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Criminal Defense FAQ
Honolulu Criminal Defense Attorney Provides Legal Guidance
Have you been accused of a criminal charge in or around Honolulu? As a Honolulu criminal defense lawyer, I have more than 20 years of experience helping those who have been arrested or are under investigation of a criminal offense. I understand that you likely have many questions, and my firm is prepared to answer them. In this section, I have included answers to several frequently asked questions on the topic of criminal defense. If you have a question that is not listed below, please feel free to contact my firm to get it answered!

What is the difference between a misdemeanor and a felony?
Depending on many factors, including the severity of your offense and the state in which you are accused, you can be charged with either a felony or misdemeanor. Misdemeanor charges carry less-severe penalties than felonies. There are also three different degrees of charges depending on the severity of the offense. The simplest crime will be charged as a third-degree misdemeanor and the most severe offense will be charged as a first-degree felony.

What is the responsibility of the prosecutor?
The prosecutor is the lawyer who will represent the government, whether federal, state, or local. The prosecutor will place accusations and evidence against the criminal defendant. Generally, there is a district attorney who will be the primary law enforcement representative against the individual who allegedly commits a crime in that region. Prosecutors have significant power, so it is essential to have a hard-hitting defense attorney.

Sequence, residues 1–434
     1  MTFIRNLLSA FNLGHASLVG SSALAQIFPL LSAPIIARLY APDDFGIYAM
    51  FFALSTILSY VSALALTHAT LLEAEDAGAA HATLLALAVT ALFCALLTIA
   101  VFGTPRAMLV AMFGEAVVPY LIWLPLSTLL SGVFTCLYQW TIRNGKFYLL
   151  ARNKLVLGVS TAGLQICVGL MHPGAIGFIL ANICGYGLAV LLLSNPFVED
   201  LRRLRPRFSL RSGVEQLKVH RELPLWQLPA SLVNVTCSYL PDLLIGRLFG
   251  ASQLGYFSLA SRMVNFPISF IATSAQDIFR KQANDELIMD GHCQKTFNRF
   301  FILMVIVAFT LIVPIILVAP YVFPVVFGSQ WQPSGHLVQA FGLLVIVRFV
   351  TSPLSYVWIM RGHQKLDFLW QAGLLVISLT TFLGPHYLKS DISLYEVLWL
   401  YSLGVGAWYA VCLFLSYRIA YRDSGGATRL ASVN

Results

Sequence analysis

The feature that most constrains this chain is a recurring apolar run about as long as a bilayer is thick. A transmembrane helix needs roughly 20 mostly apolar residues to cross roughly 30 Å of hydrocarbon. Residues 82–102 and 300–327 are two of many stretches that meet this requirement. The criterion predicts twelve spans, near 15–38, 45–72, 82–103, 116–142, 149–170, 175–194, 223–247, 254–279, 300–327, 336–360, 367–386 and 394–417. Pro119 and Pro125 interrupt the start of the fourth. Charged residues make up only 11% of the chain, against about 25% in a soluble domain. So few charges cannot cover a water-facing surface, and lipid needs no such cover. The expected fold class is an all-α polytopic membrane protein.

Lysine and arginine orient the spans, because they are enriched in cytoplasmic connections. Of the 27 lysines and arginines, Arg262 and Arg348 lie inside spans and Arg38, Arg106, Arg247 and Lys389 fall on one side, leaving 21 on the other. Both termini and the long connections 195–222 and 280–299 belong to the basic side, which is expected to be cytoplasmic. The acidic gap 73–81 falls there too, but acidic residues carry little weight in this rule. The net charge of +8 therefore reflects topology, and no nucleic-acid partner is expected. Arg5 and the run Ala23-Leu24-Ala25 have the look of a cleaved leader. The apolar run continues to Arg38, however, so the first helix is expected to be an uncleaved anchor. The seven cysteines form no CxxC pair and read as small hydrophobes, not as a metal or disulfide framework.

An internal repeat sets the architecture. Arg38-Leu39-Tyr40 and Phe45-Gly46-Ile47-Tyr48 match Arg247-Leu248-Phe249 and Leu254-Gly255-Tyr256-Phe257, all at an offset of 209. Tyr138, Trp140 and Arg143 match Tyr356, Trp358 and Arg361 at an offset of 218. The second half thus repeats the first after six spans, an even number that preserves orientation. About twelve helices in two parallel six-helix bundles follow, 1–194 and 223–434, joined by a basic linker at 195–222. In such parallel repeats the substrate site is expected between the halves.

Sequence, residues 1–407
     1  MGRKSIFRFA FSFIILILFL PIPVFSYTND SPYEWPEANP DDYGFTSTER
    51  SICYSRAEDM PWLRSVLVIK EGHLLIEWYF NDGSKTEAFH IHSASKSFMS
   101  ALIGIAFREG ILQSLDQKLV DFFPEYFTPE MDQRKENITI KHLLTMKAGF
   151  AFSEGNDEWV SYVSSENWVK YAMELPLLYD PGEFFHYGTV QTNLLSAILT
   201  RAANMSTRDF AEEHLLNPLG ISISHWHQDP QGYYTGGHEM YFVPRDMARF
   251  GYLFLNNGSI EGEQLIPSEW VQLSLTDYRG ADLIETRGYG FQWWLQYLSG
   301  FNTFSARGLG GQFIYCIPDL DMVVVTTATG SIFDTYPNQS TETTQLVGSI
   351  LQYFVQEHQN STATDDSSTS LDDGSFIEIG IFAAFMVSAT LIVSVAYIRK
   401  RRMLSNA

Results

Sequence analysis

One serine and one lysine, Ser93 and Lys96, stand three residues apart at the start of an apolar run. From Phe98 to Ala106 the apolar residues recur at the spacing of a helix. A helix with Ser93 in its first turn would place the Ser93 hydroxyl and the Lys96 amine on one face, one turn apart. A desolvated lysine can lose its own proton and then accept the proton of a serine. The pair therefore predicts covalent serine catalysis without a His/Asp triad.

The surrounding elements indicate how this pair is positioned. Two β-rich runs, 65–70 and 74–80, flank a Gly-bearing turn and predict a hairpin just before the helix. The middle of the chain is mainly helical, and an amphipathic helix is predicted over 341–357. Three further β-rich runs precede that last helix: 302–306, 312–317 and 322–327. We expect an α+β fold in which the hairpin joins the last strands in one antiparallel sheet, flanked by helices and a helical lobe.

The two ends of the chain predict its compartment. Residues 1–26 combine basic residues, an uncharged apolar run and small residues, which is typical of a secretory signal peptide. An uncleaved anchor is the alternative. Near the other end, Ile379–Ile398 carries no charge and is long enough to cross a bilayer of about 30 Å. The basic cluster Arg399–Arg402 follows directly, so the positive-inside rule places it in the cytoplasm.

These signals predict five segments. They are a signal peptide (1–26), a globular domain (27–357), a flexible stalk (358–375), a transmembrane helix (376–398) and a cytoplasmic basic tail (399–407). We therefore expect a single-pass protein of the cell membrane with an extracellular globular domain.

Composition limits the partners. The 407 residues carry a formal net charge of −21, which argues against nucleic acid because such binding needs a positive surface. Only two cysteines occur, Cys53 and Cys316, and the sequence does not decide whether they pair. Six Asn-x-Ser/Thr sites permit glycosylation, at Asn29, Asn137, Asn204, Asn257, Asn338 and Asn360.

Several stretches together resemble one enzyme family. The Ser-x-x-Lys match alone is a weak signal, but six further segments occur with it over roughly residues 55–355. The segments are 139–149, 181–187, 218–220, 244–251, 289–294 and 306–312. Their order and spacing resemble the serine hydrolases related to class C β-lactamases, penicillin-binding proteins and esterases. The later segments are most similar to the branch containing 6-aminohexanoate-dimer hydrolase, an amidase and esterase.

Do I need a lawyer to represent my case if it is minor?
If you are charged, it is essential to obtain a lawyer, no matter how minor the offense. Even the most minor offenses can have significant consequences for the accused. A conviction of any type of offense, including a DUI or drug crime, can have significant bearing on your life. You can lose your eligibility to receive federal aid and other benefits. Any non-traffic-related offense can result in being denied acceptance into an educational program.

What is the role of the grand jury?
The grand jury has specific responsibilities and duties. They will decide whether there is enough satisfactory evidence to suspect the defendant and file the charges. They will review the evidence and hear testimony to determine whether the accused should be indicted. It is not, however, the grand jury's responsibility to decide whether the defendant is guilty or innocent. The grand jury system is used in all states.

Do you have further questions?
If you have any more questions regarding the charges against you, it is important to speak with my firm. You should not have to go through this legal battle on your own, and I can help you obtain the necessary answers to get you through this situation. It is crucial to gain a comprehensive understanding of your case and to not be confused about any step of the process. It is likely your first experience with criminal charges, and my firm can help you understand how to best navigate the process.





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